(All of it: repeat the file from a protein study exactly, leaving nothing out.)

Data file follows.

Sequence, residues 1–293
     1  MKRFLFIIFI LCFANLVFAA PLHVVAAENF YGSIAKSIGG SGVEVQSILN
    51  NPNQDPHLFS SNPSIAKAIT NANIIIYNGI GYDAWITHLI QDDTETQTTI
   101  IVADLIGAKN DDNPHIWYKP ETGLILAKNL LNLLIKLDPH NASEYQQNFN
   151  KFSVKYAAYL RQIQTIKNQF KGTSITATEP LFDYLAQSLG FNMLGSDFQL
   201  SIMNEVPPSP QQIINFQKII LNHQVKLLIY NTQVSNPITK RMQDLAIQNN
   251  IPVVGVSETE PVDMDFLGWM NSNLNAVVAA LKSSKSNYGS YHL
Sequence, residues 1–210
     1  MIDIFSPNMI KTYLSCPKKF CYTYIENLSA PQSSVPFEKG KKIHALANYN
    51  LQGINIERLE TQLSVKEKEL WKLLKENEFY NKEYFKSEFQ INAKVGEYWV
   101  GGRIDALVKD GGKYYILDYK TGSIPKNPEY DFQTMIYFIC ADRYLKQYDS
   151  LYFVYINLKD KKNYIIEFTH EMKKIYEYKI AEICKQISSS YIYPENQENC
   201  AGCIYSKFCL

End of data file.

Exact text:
Sequence, residues 1–293
     1  MKRFLFIIFI LCFANLVFAA PLHVVAAENF YGSIAKSIGG SGVEVQSILN
    51  NPNQDPHLFS SNPSIAKAIT NANIIIYNGI GYDAWITHLI QDDTETQTTI
   101  IVADLIGAKN DDNPHIWYKP ETGLILAKNL LNLLIKLDPH NASEYQQNFN
   151  KFSVKYAAYL RQIQTIKNQF KGTSITATEP LFDYLAQSLG FNMLGSDFQL
   201  SIMNEVPPSP QQIINFQKII LNHQVKLLIY NTQVSNPITK RMQDLAIQNN
   251  IPVVGVSETE PVDMDFLGWM NSNLNAVVAA LKSSKSNYGS YHL
Sequence, residues 1–210
     1  MIDIFSPNMI KTYLSCPKKF CYTYIENLSA PQSSVPFEKG KKIHALANYN
    51  LQGINIERLE TQLSVKEKEL WKLLKENEFY NKEYFKSEFQ INAKVGEYWV
   101  GGRIDALVKD GGKYYILDYK TGSIPKNPEY DFQTMIYFIC ADRYLKQYDS
   151  LYFVYINLKD KKNYIIEFTH EMKKIYEYKI AEICKQISSS YIYPENQENC
   201  AGCIYSKFCL